Szechuan chicken is different from Hunan chicken in that various vegetables are not typically added to the dish. Typically, this main course only includes the chicken and the peppers, giving it a reddish hue as there isn't an additional sauce beyond the peppers. Additionally, the chicken is often deep-fried, giving this dish a drier appearance.

Cooking Method

While Hunan chicken is typically stir-fried, Szechuan chicken is usually deep-fried. The chicken is cut into even pieces, then coated in a batter made from eggs, cornstarch or flour, and seasonings.

While the chicken cooks in oil, a sauce is prepared using a combination of chili bean paste, Szechuan peppercorns, garlic, ginger, and other spices. Once both the chicken and sauce are ready, they are combined and tossed together until the chicken is evenly covered. Green onions and sesame seeds are frequently used as garnish to add flavor and texture.

Like Hunan chicken, if you're making Szechuan chicken at home, you can adjust the amount of heat you want in your dish by increasing or decreasing the amount and type of peppers you include.

Hunan Chicken vs. Szechuan Chicken: Nutritional Value

Both Hunan chicken and Szechuan chicken can provide nutritional value, but it's important to consider the specific ingredients, cooking methods, and portion sizes when assessing their overall nutritional profiles.

Both dishes are high in protein from the chicken. They also have a number of different spices and seasonings like garlic, ginger, and chili peppers, that boast potential health benefits. For example, garlic and ginger may have antimicrobial and anti-inflammatory properties, while chili peppers contain capsaicin, which may aid digestion and boost metabolism.

To keep these meals on the healthier side, be sure to include some of your favorite veggies. Also, try stir-frying Szechuan chicken instead of deep frying it to reduce fat and oils. And be sure to consider your portion size when indulging in these delicious culinary dishes.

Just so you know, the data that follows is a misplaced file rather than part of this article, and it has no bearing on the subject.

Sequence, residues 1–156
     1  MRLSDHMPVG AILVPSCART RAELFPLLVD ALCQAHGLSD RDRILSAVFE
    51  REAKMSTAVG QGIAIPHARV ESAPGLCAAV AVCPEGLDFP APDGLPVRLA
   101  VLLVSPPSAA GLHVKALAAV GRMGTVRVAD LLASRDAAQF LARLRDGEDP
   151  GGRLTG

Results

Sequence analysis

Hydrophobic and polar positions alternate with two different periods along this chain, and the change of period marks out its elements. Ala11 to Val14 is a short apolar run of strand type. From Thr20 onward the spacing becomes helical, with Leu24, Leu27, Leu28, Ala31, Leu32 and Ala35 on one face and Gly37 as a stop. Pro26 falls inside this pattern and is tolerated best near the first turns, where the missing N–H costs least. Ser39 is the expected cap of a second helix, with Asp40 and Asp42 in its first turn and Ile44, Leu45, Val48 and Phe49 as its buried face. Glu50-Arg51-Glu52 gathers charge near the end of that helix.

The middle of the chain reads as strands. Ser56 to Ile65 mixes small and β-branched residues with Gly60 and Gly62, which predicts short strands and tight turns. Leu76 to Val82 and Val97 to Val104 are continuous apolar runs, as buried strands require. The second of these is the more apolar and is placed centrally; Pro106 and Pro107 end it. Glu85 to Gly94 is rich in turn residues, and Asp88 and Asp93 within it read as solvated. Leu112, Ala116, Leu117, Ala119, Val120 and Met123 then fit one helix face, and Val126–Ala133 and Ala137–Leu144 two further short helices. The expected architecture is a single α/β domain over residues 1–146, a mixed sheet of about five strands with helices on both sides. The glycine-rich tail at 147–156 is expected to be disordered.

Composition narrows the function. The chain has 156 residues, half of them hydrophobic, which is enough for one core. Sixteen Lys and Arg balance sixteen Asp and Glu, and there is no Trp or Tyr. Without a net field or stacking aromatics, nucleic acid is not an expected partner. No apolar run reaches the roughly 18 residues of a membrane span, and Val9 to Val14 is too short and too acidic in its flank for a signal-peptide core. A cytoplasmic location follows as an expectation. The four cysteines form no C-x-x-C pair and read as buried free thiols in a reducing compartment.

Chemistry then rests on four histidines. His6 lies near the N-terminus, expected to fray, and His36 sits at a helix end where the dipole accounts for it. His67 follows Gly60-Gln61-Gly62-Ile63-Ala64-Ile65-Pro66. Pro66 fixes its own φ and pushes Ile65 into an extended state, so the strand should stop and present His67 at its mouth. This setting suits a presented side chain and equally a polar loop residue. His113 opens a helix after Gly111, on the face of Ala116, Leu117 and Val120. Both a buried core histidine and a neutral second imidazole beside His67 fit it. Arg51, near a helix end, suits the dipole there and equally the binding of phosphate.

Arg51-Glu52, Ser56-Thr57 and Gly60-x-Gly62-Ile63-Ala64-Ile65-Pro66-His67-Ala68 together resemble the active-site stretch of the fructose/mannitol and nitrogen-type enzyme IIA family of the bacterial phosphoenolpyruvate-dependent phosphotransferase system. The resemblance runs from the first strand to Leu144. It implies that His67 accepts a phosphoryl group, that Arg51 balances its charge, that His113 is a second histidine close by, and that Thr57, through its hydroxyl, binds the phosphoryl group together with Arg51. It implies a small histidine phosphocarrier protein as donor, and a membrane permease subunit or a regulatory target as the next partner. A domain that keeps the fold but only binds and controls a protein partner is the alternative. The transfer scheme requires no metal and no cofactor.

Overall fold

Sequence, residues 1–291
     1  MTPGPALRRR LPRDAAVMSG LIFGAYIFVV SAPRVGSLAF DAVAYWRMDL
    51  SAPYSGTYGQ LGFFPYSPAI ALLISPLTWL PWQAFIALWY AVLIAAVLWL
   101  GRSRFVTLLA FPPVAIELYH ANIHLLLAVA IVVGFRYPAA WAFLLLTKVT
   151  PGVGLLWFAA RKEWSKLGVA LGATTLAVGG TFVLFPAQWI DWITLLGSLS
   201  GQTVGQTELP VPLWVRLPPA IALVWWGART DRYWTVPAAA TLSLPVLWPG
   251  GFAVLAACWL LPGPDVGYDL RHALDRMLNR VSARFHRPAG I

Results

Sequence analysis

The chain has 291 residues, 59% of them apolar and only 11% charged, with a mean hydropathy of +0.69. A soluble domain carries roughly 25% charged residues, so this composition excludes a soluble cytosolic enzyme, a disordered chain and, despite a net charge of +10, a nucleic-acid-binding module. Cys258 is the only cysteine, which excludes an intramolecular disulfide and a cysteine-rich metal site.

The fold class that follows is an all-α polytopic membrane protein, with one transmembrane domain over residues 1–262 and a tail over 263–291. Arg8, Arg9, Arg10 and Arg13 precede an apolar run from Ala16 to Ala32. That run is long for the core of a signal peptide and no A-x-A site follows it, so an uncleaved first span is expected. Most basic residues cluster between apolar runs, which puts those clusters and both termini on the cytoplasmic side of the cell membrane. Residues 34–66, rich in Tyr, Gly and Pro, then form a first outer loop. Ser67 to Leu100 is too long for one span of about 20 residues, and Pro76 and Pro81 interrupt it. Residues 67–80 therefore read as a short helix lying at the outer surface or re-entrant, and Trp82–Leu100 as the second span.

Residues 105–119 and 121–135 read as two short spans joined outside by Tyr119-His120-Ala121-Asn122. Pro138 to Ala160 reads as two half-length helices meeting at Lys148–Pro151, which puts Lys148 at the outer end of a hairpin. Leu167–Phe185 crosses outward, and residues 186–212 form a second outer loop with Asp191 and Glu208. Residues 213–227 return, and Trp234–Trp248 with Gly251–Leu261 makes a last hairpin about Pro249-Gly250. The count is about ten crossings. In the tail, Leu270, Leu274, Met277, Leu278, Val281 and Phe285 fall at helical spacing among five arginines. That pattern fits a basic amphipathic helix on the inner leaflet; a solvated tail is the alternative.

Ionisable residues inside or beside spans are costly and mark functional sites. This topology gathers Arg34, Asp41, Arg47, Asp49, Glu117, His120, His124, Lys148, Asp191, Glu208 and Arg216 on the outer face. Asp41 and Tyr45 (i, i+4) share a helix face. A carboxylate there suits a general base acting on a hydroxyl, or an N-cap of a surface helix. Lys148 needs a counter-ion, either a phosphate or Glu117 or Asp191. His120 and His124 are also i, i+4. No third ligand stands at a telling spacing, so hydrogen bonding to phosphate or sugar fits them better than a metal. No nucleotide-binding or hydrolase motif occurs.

Can You Substitute Hunan Chicken with Szechuan Chicken?

In general, yes, you can substitute Hunan chicken for Szechuan chicken or vice versa, depending on your personal preferences and the availability of ingredients. Keep in mind, however, that both of these recipes call for varying heat levels and ingredients. Additionally, Hunan chicken is stir-fried while Szechuan chicken is deep-fried.

While you may be able to substitute one for the other, be sure you adjust ingredients and spice levels accordingly.

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Other Chinese Cuisine Recipes

Final Thoughts

Infographic comparing Hunan and Szechuan chicken.
Both of these chicken dishes are fairly spicy.
  • Hunan chicken includes various vegetables, making the dish pop with color. Szechuan chicken can have vegetables included, but usually doesn't.
  • Hunan chicken is spicier than Szechuan chicken, an important distinction for those who are sensitive to spice.
  • Szechuan chicken is usually deep-fried, while Hunan chicken is usually stir-fried.